Once again, research and reality confirm an unhappy obstacle on the road to gender parity:
Women have to prove they can succeed in a position before they are promoted to it; while men are often promoted based on their perceived potential.
This potential vs. performance barrier, often the result of unconscious gender bias, is taking a heavy toll on both women and their organizations. According to Caroline Simard, Director of Research at the Clayman Institute such hidden biases lead to a: “cumulative disadvantage over a woman’s career over time, resulting in lower access to key leadership positions and stretch assignments, advancement and pay.” From the corporate perspective, research shows that the absence of diversity at the highest organizational levels negatively impacts both profits and competitive advantage.
Who Has to Change? What Has to Change?
In my role as CEO of WOMEN Unlimited, I see problems and solutions from multiple vantage points across an organization: diversity and talent managers, women participants in our programs, their managers and top executives. As a result, I have come to some conclusions about how to start leveling the performance vs. potential playing field.
Quite simply: All the key players have a role to play in bringing about needed change.
Here are a few examples that can go a long way to achieving a more balanced approach to promoting men and women.
- Male Managers:
Management remains predominantly male; and men often have a difficult time providing honest feedback to the women on their teams. Research shows that male managers are less likely to be honest with their female employees, making it difficult for women to understand specifically where they need to improve in order to advance. Additionally, men tend to use different terms in reviews of female subordinates. For example, statistically “aggressive” is a word that rarely shows up in reviewing men, but appears frequently in assessing female performance.
- Vague Feedback is Holding Women Back by Shelley Correll and Caroline Simard in the Harvard Business Review outlined strategies to equalize the feedback process including: using the same criteria for all employees…tying feedback to business goals and outcomes…equalizing references to technical accomplishments and capabilities.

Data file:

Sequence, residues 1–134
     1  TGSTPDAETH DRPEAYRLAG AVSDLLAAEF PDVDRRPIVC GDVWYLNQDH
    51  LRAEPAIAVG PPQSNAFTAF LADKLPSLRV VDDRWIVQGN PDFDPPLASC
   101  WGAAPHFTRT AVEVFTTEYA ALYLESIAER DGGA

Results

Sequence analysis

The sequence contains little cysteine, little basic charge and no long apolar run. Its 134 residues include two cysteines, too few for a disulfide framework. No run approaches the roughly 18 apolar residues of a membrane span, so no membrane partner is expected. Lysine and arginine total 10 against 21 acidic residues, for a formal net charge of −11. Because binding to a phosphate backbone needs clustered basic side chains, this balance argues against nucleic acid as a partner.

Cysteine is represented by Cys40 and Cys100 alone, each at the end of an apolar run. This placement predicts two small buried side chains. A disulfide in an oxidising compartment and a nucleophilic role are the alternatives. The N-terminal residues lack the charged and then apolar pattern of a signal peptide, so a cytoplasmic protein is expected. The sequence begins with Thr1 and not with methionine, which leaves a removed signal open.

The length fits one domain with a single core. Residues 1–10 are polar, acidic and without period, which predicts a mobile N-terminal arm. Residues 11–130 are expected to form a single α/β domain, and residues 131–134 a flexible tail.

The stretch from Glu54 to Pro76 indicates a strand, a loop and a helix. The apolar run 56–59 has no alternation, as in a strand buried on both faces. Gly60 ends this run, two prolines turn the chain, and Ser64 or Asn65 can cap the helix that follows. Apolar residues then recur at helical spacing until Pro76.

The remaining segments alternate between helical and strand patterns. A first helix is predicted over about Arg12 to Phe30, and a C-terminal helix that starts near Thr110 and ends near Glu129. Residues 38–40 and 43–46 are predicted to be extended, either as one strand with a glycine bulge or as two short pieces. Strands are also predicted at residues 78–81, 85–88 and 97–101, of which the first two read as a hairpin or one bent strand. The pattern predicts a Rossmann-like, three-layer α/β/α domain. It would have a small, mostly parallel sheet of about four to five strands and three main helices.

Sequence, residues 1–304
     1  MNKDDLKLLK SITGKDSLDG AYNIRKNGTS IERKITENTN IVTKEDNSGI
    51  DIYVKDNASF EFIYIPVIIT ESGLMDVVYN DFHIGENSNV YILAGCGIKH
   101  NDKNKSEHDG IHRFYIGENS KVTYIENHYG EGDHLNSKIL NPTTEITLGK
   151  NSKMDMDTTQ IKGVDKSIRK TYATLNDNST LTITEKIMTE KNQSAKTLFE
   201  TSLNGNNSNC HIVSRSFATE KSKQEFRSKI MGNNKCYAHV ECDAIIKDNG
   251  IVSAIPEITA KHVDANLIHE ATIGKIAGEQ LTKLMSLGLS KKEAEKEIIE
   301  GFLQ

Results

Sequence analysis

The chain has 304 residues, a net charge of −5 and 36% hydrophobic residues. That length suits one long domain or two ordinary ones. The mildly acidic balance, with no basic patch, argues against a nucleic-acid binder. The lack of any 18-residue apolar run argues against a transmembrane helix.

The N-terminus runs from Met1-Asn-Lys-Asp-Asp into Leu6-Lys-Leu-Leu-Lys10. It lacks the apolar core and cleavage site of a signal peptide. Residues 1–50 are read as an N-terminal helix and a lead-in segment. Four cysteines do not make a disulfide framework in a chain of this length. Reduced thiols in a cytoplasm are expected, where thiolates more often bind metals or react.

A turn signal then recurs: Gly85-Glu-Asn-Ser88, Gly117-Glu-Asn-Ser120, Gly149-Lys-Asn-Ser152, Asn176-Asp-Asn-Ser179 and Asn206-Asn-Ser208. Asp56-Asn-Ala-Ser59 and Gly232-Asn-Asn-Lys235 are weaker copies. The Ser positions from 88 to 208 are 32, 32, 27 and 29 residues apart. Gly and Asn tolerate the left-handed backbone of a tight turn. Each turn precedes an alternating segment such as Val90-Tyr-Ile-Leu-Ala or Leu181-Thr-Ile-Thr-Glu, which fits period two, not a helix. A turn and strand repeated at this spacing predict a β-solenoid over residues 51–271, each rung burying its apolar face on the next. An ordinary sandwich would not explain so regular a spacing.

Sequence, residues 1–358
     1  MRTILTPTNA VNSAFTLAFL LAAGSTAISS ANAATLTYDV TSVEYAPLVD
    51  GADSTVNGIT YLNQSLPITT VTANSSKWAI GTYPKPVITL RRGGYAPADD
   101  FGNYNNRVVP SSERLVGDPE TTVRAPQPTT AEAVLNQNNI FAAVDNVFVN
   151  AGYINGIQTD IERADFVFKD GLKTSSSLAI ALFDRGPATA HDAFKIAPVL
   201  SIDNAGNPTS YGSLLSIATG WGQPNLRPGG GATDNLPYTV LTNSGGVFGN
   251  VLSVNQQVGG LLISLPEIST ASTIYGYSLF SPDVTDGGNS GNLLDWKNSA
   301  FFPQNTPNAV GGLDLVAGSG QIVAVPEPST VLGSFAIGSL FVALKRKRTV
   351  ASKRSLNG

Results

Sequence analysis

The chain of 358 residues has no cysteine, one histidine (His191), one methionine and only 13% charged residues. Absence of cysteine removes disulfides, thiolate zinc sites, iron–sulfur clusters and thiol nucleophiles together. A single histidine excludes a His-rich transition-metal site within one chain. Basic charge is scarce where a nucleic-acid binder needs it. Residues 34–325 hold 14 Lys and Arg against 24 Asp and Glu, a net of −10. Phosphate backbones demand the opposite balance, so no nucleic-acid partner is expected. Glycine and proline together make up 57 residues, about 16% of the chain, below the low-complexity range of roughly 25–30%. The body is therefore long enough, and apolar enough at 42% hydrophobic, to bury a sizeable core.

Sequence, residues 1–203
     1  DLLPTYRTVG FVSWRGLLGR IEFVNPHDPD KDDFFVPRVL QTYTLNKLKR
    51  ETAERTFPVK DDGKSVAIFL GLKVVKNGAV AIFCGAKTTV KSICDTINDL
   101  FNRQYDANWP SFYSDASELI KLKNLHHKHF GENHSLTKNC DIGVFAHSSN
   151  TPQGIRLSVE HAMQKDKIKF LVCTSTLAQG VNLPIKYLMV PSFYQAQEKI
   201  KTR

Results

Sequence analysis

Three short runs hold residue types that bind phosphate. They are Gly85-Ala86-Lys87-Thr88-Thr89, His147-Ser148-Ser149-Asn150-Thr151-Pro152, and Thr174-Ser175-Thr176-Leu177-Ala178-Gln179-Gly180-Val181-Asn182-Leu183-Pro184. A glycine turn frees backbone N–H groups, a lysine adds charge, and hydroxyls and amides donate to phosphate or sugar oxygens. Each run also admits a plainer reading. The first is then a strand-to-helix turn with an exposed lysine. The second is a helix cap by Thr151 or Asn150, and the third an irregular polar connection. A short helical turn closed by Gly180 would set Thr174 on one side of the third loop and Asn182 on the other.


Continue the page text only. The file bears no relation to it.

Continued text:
- Women Themselves
I continue to be amazed at how many women believe they need all the competencies for a higher position before they take it on. It is the chicken and egg metaphor gone mad. Men don’t see it that way. They are confident they should be given a promotion based on what they’ve achieved to date and what they believe they have to contribute. Until women move more towards that attitude, we will be hard pressed to make significant progress in closing the performance/potential gap. Additionally, women need to be more active in seeking out all-important honest feedback from their managers.
Women are most successful when they don’t try making these attitudinal shifts alone; rather, when they reach out to mentors, sponsors and their managers for advice and support.
In order to achieve promotional parity, organizations need to evolve. Not drastically, but pervasively. Male managers need to become more aware of unconscious bias and how it impacts promoting women. Standards and metrics to equalize performance reviews and encourage honest feedback need to be put in place. Organizations need to take the long view so they aren’t deprived of female talent at their highest levels in the years ahead.
If male managers become more aware of the inequalities in assessing men and women…if women become more willing to risk being promoted…if organizations provide a culture that fosters a policy of conscious inclusion, we will be well on the road to removing the potential vs. performance barrier to inclusiveness.
Dr. Rosina L. Racioppi
President & CEO
WOMEN Unlimited, Inc.